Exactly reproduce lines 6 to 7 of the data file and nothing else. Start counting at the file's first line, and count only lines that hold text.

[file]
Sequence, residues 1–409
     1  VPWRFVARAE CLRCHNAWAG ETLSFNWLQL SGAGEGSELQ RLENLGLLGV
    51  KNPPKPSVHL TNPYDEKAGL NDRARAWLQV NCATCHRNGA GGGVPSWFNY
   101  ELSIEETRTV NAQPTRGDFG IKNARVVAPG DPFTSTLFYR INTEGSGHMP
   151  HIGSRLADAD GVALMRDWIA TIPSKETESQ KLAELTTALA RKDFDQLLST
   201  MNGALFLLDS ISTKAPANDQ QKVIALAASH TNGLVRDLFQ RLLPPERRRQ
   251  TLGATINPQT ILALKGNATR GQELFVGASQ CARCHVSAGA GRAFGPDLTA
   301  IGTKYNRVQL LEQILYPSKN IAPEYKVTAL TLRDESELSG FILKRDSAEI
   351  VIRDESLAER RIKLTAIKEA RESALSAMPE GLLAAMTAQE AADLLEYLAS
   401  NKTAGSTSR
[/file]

   201  MNGALFLLDS ISTKAPANDQ QKVIALAASH TNGLVRDLFQ RLLPPERRRQ
   251  TLGATINPQT ILALKGNATR GQELFVGASQ CARCHVSAGA GRAFGPDLTA